Fig. 11

(a) Ni2+-induced linear assembly of sjGST-6His. The resulting protein nanowires demonstrate equivalent or better catalysis of GST activity. (Adapted with permission from Ref. [51]. Copyright 2012 Royal Society of Chemistry). (b) Controlling the orientation of coordination sites and protein surface interaction, 2His-sjGST could form into 2D nanorings upon Ni2+-induced assembling. (Adapted with permission from Ref. [52]. Copyright 2013 American Chemical Society)

Host-Guest Assembly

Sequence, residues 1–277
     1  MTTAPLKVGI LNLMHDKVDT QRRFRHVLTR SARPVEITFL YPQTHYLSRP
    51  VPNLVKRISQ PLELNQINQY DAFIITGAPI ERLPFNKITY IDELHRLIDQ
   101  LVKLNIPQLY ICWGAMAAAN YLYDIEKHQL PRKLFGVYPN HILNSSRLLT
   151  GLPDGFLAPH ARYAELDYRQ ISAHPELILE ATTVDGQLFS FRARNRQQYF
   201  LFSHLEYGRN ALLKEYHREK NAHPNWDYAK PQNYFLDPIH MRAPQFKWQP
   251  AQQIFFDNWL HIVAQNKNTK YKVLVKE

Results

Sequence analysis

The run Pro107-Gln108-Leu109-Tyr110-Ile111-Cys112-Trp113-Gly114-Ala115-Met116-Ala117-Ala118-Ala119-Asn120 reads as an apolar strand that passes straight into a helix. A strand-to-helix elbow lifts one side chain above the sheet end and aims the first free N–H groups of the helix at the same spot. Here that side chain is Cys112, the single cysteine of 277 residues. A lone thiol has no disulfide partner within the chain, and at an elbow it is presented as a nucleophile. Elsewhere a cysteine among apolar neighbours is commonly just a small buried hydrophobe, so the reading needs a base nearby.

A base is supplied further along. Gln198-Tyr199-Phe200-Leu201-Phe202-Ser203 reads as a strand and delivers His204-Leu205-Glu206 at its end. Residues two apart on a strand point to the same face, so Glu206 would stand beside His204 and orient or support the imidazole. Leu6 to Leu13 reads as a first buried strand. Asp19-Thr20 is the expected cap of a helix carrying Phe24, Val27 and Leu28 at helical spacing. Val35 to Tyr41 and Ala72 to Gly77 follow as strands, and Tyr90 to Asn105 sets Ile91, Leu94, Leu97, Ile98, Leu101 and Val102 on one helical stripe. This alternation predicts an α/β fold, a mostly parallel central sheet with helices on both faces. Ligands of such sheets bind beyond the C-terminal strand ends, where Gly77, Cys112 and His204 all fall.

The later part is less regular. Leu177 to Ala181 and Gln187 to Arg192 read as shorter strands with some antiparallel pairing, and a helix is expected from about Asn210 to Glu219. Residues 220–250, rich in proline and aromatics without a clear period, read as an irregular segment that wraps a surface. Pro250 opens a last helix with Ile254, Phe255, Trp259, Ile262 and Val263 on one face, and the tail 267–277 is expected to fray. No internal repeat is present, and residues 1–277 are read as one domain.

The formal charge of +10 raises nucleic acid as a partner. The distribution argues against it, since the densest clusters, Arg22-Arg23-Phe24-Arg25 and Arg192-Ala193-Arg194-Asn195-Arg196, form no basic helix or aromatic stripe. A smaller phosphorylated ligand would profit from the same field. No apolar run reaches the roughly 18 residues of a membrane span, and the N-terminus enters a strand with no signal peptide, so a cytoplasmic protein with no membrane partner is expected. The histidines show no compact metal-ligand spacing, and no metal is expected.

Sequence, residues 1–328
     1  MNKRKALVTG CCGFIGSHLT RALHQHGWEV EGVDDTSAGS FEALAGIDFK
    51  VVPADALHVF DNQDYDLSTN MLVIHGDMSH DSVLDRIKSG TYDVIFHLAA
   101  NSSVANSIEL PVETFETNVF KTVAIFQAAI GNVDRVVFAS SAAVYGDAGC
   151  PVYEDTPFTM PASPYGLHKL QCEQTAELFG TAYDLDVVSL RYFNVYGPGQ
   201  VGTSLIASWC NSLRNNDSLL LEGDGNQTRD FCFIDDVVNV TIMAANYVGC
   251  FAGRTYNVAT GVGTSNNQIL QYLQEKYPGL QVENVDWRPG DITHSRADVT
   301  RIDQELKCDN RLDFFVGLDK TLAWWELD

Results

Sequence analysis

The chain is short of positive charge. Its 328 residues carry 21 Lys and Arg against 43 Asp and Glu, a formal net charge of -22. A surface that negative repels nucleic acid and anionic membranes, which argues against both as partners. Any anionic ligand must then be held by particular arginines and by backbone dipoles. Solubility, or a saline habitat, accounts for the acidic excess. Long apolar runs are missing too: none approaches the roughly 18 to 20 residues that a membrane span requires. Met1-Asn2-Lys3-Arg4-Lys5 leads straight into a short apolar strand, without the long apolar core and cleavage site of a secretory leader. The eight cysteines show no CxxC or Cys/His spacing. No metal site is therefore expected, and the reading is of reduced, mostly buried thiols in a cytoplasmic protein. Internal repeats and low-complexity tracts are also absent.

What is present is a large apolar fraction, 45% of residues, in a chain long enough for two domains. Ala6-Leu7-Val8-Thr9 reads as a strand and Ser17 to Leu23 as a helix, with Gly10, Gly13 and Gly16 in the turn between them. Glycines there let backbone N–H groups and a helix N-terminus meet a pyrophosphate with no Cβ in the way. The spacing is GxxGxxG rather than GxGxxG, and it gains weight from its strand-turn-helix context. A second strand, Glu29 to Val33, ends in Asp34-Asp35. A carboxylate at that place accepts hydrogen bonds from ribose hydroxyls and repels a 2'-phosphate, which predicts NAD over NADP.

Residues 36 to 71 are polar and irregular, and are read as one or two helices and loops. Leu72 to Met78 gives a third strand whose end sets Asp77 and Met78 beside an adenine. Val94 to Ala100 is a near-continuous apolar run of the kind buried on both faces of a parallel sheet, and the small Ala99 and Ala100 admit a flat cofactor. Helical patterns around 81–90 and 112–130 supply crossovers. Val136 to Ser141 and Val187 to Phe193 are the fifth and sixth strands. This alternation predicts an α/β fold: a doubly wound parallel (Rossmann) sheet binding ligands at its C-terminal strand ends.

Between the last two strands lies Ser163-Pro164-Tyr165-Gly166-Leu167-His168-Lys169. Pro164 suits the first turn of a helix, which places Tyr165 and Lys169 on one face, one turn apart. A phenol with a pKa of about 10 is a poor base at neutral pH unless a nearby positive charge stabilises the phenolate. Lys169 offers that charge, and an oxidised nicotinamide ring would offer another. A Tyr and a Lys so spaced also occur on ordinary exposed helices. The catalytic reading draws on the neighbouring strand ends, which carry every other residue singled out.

The concept of host-guest (HG) system begins with the discovery of acupoint ethers and crown ethers by Lehn, Cram, and Pedersen et al. and developed to a branch of supramolecular chemistry. Nowadays, host-guest was defined as complexes that consist of two or more molecules/ions that are aggregated together via molecular recognition and noncovalent interactions such as hydrogen bonds, ionic bonds, van der Waals forces, and hydrophobic interactions. The affinity between guest and host is always highly specific because of the specific noncovalent interactions, for instance, hydrogen bonds, thereby leading to molecular recognition, which demonstrates a promising strategy for construction of precisely assemblies. In the last two decades, macrocyclic molecules, such as crown ethers, cyclodextrins, and cucurbit[n]urils, have been synthesized in succession and investigated as host to drive or regular supramolecular assembling. Based on the specific recognition and inspiration of ordered supramolecular assemblies, host-guest interactions attracted much attentions of scientists and were investigated to construct synergistic and highly ordered protein assemblies. Among the macrocyclic molecules, cone-shaped cyclodextrins and pumpkin-shaped cucurbit[n]urils demonstrate great advantages when applied in water and biological system because of their aqueous solubility and high specificity, which seems a fascinating platform for guiding protein assembling [53]. In this section, we would briefly introduce several examples of protein assemblies induced by host-guest interactions.